Stew Mac String Action Gauge, Nut Files, getting everything right, Fender Strat Tele Content ;)

Guildedagain

Senior Member
Joined
Jun 8, 2016
Messages
1,657
Reaction score
36
If you're like me, too many guitars, and some of them frankly don't play or sound as good as they could because too many guitars and not all properly set-up, nevermind aging strings and other factors such as any guitar is not the same everyday. You're not the same everyday. The world isn't the same everyday. Just as the weather changes, so do our guitars, daily.

I have too many guitars and it's time to part with some, again. And I can't bear to part with them not finished, not playing right. It's not just monetary, it's about getting something right, and being able to pass it on with pride.

Acquisition phases, and divesting phases... When the dust settles, there should be less, a lot less... but only the cream of the crop should be left in your possession.

And do you tell what from what when half of them are somewhat lame because of common issues such as;

Nut slots too high causing sour cowboy chords. There is nothing, absolutely nothing that will make me give up on a guitar faster than one that sounds like crap in G and D, forget it.

String height off, too high, too low, making the guitar harder to play in one case or causing muted notes when strings fret out.

And if you're like me and you have a raft of electrics, pickup height is a biggie. Too high can pull the strings out of tune, causing oscillation/warble/wolf notes.

With a short list of specs and the Stew Mac gauge, I was able to set-up 5 guitars in a few hours, better than they've ever been. Three Teles, two Strats.

On two of the Teles that I built last year, the bone nut slots were still a tad high, totally wreaking havoc with my chords at the nut.

The clearance @ the 1st fret when string is depressed @ the 2nd should be .006" on the trebles and .010 on the bass strings. It's really almost nothing. Luckily for me, I finally bought nut files from .010 to .056 so I can do this and make it right. I use business card over the frets to protect while lowering the slots as needed.

When this is done, or at any time, verify your relief and adjust as needed.

On Fenders, it becomes slightly more complicated because of radius used. For 7.25" radius, relief is .012/0.3mm, for 9.5"-12", it is .010"/0.25mm, 15"-17" .008/0.2mm.

Then your string height, easy peasy on most Fender guitar. 7.25" radius = 5/64"/0.2mm Bass 4/64"/0.16mm Treble. 9.5"-12" radius = 4/64" Bass 4/64"/0.16mm Treble.

Then finally your pickup height.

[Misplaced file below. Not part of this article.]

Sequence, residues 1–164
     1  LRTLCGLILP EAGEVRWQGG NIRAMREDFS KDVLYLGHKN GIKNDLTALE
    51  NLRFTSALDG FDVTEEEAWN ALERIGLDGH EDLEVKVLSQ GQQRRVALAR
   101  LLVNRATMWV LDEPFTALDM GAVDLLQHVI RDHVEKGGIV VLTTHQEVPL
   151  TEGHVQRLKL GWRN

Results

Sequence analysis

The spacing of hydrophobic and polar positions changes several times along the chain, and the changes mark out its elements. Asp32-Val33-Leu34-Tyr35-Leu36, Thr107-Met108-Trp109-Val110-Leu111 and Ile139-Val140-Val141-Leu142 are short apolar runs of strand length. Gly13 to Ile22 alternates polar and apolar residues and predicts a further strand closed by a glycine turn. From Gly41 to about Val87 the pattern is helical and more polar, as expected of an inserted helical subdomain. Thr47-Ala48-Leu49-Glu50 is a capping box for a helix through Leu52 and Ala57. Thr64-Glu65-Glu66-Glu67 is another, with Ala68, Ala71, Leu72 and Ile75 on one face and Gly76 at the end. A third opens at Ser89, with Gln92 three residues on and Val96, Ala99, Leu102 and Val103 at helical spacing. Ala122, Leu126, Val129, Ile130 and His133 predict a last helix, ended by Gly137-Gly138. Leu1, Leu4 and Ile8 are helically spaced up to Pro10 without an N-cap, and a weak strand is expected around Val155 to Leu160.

For non high output p'ups 6/64"/0.24mm Bass 5/64"/0.2mm Treble with the strings held down at the last fret. For high output staggered pole piece types, 8/64"/0.36mm Bass 6/64"/0.24mm Treble

This would be a really good time to set intonation since you've done everything else.

I do it by ear, and having the correct string height helps, it prevents overly sharp fretted notes at the 12th fret.

I play the fretted note gently, and the harmonic. If the harmonic is flat, make the string longer. If the harmonic is sharp, make the string shorter.

With Teles doing two strings at a time, you just have to get lucky, and if not, they make offset saddles in brass to get around it.

Now, assuming your strings are still reasonably serviceable, you should have great playing great sounding guitars.

At this point you have a baseline for tweaking your p'ups if you like to find sweet spots.

The guitars must all be tuned dead on before making any comparisons. Dead on.

All my Strats/Teles have 10's. I tried 9's, and while they are twangier sounding, they can't take any kind of a beating for Bluegrass, they just sound terrible and on Strats I think the 10's work with the Trem system (vintage 6 screw), a lot more resonance, a lot more sustain.

At this point I was able to do a recorded shootout of three Teles, acoustically and plugged in, and the winner was surprising, because it had potential and I built it from scratch with high hopes from vintage parts but was a dog on account of everything being slightly off. In the end, it made "the" Tele I've had for 20 years redundant.

Then between that one Tele and the Strat that's been a love hate relationship since I first laid eyes on her, Excalibur. This guitar's got more personalities than Sybil, it can range from the best you've ever played to the worst you've ever played.

This Strat now playing better than ever after some latter day sorting out and back from the chopping block. A late reprieve, I went through all the motions and it sold on Reverb within two hours of posting for $2500 "offer" to my $3200 price and the buyer started being a problem instantly. I canceled it and I feel like I just got this guitar all over again. A sign from God obviously, was not time to let go.

The Strat of course did more for me than the Tele ever could, so now it was time to do this with Excalibur and a Strat of immense significance, 80's USA reissue Fullerton made Sunburst, Alder body/Rosewood board. A Strat of amazing sonic properties unplugged loud like it half acoustic, endless sustain. Consistently about twice as loud unplugged as any other Strat.

I adjusted everything on it too, strings were way high and I knew that, that's why it was louder. All things being the same, Excalibur, the one I just sold but then was saved, ended up with the absolute keeper.

It's a '74 Olympic White Hendrix lookalike Strat that's been my obsession for a long time, but at the end of the day, if a guitar doesn't play like it should, you're not going to be making music with it, just getting frustrated.

Back to the Stew Mac gauge. What a GEM! I bough it and a Chinese knockoff graduated differently at the same time and I thought I might like that one more, but I could pitch it in the trash now. The Stew Mac tool is indispensable, so easy to use, so easy to read, with glasses that is.